ARB Applauds USEPA Action to Clean Diesel Engine Emissions
For immediate release
SACRAMENTO – The Air Resources Board (ARB) commends the U.S. Environmental Protection Agency's (USEPA) decision today to minimize the emissions of particulate matter (PM) and oxides of nitrogen (NOx) from off-road diesel powered engines.
"We are very happy with EPA's decision to adopt stringent emissions standards for off road farming and construction equipment," said ARB Chairman Alan Lloyd. "This is an important step in California's journey to clean air. The inclusion of marine and locomotive engines under the low sulfur fuel requirement is also tremendously important."
The USEPA decision cuts by 90 percent the PM and NOx emissions from diesel engines used for construction, agriculture, and other nonroad equipment. In California that translates to a 20 percent reduction of NOx and PM from the all sources controlled by US EPA but contribute to the state's inventory. Other sources controlled by USEPA but not part of this regulation are locomotives, airplanes and marine engines. All federally controlled sources in California account for 20 percent of nitrogen oxides and particulate matter in the our State Implementation Plan.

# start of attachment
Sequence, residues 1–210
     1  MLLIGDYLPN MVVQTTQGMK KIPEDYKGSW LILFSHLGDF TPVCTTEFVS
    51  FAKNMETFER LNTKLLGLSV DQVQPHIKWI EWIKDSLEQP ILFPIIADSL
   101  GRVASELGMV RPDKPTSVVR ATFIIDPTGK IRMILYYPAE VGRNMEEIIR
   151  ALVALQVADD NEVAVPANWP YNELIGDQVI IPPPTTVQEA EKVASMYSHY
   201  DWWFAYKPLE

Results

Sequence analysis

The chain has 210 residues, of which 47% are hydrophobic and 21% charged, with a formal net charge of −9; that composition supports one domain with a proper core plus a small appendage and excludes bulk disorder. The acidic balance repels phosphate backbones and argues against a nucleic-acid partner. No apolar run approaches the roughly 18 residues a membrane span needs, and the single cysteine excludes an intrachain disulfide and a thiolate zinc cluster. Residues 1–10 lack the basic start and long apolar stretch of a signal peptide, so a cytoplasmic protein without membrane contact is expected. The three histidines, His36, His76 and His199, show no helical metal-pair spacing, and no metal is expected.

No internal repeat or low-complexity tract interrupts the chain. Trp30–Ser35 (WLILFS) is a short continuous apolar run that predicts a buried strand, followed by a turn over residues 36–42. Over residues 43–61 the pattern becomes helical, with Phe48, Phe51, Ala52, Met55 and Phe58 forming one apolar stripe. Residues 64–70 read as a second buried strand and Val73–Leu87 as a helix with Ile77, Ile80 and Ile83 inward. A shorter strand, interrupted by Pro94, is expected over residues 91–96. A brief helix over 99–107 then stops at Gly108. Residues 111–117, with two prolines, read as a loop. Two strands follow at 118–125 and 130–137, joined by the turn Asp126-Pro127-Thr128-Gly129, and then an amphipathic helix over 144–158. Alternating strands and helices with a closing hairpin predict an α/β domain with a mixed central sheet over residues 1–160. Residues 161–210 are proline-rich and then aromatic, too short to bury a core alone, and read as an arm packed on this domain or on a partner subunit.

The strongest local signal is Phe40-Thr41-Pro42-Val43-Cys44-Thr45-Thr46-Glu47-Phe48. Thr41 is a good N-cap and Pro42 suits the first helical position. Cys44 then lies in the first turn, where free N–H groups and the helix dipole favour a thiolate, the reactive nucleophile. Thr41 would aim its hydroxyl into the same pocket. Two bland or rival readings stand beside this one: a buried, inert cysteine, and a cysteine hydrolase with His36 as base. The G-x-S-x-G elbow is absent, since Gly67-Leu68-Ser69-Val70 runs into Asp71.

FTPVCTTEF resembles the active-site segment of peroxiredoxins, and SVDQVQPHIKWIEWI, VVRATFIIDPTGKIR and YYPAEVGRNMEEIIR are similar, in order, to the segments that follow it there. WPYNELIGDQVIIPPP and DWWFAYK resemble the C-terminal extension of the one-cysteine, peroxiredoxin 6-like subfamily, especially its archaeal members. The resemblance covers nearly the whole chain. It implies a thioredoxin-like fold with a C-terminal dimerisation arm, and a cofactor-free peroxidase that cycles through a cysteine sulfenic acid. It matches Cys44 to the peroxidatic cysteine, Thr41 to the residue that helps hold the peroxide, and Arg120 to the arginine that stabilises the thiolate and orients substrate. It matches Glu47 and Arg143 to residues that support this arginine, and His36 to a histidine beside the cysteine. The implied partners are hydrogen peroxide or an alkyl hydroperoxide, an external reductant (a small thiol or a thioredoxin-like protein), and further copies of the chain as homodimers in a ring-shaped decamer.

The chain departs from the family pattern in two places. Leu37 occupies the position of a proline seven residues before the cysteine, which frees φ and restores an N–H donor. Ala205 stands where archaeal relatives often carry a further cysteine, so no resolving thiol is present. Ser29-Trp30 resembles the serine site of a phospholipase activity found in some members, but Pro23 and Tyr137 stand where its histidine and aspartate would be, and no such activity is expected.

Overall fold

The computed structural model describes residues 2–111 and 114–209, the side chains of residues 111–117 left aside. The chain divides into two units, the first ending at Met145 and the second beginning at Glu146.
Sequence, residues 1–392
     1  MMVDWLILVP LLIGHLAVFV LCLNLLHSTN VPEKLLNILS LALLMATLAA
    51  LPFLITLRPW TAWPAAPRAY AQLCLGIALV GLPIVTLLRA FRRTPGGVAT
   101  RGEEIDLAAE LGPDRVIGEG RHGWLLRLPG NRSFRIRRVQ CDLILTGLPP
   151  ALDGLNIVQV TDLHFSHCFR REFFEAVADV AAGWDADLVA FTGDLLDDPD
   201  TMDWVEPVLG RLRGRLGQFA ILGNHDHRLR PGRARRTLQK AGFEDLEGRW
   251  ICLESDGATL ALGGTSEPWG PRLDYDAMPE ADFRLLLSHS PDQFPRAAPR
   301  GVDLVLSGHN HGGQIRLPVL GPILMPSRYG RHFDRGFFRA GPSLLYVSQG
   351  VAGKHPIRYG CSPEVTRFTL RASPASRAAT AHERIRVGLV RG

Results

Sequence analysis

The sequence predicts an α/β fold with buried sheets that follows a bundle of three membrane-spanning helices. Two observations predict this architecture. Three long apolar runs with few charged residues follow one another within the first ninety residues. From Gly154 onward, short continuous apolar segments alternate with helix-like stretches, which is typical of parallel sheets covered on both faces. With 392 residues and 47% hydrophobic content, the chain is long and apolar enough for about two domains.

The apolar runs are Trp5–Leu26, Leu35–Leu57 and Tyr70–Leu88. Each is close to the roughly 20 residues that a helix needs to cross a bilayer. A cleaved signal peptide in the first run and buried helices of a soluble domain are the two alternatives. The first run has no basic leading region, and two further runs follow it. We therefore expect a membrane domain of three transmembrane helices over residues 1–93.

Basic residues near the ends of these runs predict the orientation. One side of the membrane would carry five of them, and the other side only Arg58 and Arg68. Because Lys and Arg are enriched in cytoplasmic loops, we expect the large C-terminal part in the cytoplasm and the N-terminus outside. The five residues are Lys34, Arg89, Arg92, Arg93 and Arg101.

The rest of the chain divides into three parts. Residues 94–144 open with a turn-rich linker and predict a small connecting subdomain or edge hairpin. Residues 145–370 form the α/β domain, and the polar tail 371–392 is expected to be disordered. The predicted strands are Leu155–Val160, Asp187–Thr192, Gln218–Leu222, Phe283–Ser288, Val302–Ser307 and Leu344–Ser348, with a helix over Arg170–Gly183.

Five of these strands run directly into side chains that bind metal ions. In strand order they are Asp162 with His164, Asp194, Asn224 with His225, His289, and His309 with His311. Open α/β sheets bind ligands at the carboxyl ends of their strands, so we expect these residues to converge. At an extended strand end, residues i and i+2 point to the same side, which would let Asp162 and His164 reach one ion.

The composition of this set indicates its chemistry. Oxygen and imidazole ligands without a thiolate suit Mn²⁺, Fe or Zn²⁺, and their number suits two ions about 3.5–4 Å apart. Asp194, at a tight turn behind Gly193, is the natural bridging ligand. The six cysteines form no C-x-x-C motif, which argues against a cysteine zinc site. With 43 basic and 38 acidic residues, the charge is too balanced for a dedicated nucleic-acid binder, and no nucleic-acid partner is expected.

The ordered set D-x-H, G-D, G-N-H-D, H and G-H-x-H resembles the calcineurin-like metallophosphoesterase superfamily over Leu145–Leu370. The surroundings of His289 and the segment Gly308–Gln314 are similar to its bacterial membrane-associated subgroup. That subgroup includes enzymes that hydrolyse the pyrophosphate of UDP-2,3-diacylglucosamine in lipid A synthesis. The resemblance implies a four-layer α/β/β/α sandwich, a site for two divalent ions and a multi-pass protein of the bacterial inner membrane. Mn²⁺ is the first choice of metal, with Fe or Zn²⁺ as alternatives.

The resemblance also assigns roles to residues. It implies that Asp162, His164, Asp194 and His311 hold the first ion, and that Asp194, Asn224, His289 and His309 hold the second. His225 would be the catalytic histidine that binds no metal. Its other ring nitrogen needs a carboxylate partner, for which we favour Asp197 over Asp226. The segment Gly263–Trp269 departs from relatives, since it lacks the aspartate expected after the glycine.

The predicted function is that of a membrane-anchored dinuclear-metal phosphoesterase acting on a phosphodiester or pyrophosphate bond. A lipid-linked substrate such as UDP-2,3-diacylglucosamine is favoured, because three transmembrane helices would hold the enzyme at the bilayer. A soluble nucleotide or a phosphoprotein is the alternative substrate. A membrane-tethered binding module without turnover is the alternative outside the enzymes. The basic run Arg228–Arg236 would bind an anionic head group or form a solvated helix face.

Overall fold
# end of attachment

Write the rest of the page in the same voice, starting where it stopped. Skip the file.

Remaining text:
Nitrogen oxides are major contributors to smog formation and acid deposition. PM10 (PM 10 microns in diameter and smaller) is among the most harmful of all air pollutants. When inhaled these particles evade the respiratory system's natural defenses and lodge deep in the lungs. Health problems begin as the body reacts to these foreign particles. PM10 can increase the number and severity of asthma attacks, cause or aggravate bronchitis and other lung diseases, and reduce the body's ability to fight infections.
"To reach the standards for clean air and to protect public health, emission sources under the federal government's jurisdiction require continued attention and more stringent standards," Chairman Lloyd added. "We particularly need USEPA to make national fuels as clean as California's, and to help us accelerate the retirement of older high emitting vehicles."
The Air Resources Board is a department of the California Environmental Protection Agency. ARB's mission is to promote and protect public health, welfare, and ecological resources through effective reduction of air pollutants while recognizing and considering effects on the economy. The ARB oversees all air pollution control efforts in California to attain and maintain health based air quality standards.